James Thompson on inequality and Thatcherite follies

At her final PMQs Margaret Thatcher’s was asked by LibDem MP Simon Hughes about the gap between rich and poor. To paraphrase – although the economy has grown, so too has inequality and is that not a problem?

In response, Thatcher was robust, her reply a brilliant bit of oratory and theatre (well worth a watch). She said…
“People on all levels of income are better off than they were in 1979. The hon. Gentleman is saying that he would rather that the poor were poorer, provided that the rich were less rich. That way one will never create the wealth for better social services, as we have. What a policy. Yes, he would rather have the poor poorer, provided that the rich were less rich. That is the Liberal policy.”
Before we dissect this statement, it is worth noting that it is expressing something of the zeitgeist. Nowadays, we know that inequality is a big problem in all sorts of ways. Similarly, in the immediate pre-Thatcher years, equality was an ideal that many subscribed to. According to right-leaning academic (and Oliver’s dad) William Letwin, in 1980 equality was a “leading fetish of our time” that “so many people endorse it as an obvious ideal… so many have enlisted in it as a cause, without having considered its consequences”
Thatcher’s response in 1993 marked that a new ‘common sense’ was now in place that had no room for concerns about the just or equitable distribution of resources. All that mattered was absolute levels of affluence.
Whilst pondering on the oratory power of Thatcher’s performance when I stumbled across a jokey social media post called the ‘The 10 Commandments of Rational Debate (…Know Thy Logical Fallacies)’, which sets out ten logical fallacies that often wrongly win arguments.
The 10 Commandments of Logic
1) Thou shall not attack the person’s character, but the argument. (Ad hominem)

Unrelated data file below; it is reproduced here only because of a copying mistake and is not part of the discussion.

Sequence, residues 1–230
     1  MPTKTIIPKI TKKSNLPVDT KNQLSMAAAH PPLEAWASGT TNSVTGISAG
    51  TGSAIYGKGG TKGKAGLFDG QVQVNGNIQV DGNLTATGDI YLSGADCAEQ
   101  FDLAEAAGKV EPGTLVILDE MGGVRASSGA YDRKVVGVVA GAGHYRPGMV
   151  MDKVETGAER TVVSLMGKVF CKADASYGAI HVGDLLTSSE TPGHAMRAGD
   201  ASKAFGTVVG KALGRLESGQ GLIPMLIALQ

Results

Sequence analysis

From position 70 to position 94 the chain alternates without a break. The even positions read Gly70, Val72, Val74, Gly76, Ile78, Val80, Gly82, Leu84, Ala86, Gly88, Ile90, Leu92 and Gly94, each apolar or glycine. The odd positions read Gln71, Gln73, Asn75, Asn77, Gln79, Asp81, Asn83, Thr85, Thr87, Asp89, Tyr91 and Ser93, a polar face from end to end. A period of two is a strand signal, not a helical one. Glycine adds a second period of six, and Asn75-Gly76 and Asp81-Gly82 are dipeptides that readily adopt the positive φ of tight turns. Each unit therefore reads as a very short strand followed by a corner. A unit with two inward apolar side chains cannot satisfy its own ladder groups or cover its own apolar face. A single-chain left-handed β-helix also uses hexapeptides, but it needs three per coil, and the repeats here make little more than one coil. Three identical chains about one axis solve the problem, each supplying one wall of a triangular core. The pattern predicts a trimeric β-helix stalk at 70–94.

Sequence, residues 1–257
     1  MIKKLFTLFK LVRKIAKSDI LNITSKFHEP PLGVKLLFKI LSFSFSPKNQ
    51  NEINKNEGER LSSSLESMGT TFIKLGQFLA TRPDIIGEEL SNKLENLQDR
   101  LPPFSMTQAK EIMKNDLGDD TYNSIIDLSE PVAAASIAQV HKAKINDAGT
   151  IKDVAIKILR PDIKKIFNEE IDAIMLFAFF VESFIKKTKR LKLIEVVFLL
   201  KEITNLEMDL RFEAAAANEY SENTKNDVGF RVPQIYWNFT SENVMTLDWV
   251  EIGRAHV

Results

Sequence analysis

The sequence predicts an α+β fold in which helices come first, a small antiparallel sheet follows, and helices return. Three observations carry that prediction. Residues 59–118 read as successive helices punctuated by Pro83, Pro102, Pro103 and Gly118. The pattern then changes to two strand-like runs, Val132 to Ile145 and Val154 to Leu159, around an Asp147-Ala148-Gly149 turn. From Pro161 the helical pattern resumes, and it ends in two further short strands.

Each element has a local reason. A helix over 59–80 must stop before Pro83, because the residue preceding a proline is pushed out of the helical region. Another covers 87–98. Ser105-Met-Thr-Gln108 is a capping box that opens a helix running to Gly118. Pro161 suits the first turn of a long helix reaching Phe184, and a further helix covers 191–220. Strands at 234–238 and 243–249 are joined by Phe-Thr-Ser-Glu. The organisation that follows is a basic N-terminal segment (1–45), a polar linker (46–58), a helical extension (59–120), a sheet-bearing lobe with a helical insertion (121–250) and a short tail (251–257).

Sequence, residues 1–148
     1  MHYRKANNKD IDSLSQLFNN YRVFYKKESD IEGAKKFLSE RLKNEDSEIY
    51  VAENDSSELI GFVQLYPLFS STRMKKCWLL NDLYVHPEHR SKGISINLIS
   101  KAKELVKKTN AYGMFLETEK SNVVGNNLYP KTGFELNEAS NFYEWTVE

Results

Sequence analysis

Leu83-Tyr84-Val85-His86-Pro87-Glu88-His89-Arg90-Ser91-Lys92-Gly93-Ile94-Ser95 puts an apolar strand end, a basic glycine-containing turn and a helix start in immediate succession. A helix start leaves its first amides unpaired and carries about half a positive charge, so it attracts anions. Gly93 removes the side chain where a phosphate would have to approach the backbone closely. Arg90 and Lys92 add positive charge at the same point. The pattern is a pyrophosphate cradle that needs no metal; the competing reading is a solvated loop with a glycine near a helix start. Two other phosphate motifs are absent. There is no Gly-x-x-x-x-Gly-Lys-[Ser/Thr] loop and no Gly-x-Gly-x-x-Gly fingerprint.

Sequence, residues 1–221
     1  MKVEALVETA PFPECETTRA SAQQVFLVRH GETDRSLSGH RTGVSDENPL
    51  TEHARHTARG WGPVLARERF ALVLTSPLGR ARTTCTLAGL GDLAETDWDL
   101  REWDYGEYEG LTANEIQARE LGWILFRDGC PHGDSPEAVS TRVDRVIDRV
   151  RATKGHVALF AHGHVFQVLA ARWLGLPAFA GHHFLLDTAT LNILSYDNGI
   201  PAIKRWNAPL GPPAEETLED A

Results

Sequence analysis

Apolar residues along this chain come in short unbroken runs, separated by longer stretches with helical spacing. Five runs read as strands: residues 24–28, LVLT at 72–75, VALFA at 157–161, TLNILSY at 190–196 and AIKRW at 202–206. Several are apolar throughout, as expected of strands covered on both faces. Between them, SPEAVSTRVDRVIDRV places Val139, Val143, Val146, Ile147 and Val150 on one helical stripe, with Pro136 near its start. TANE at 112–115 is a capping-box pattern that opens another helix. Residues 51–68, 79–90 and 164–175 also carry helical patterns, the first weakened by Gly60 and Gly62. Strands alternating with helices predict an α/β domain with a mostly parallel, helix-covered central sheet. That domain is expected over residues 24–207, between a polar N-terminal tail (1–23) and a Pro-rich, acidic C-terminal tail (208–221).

2) Thou shall not misrepresent or exaggerate a person’s argument in order to make them easier to attack. (Straw man fallacy)
3) Thou shall not use small numbers to represent the whole. (Hasty generalisation)
4) Thou shall not argue thy position by assuming one of its premises is true. (Begging the question)
5) Thou shall not claim that because something occurred before, it must be the cause. (Post Hoc/False cause)
6) Thou shall not reduce the argument down to two possibilities. (False dichotomy)
7) Thou shall not argue that because of our ignorance, claim must be true or false. (Ad ignorantum)
8) Thou shall not lay the burden of proof onto him that is questioning the claim. (Burden of proof reversal)
9) Thou shall not assume “this” follows “that” when it has no logical connection. (Non sequitur)
10) Thou shall not claim that because a premise is popular, therefore it must be true. (Bandwagon fallacy)
By my reckoning Thatcher’s reply in PMQs breaks seven of the ten rules, which is a pretty impressive score in just 75 words.
Let’s take it one by one…
Ad hominem – the question was about inequality, not about whatever the Liberal policy was or wasn’t.
Straw man fallacy – it was simply not the case that Simon Hughes (or pretty much anyone else at the time) was arguing for the poor to be poorer even if it had the desired effect that inequality was reduced. This is a total misrepresentation and exaggeration to the point of distortion of the argument (resulting in Simon Hughes’s vigorous head shaking).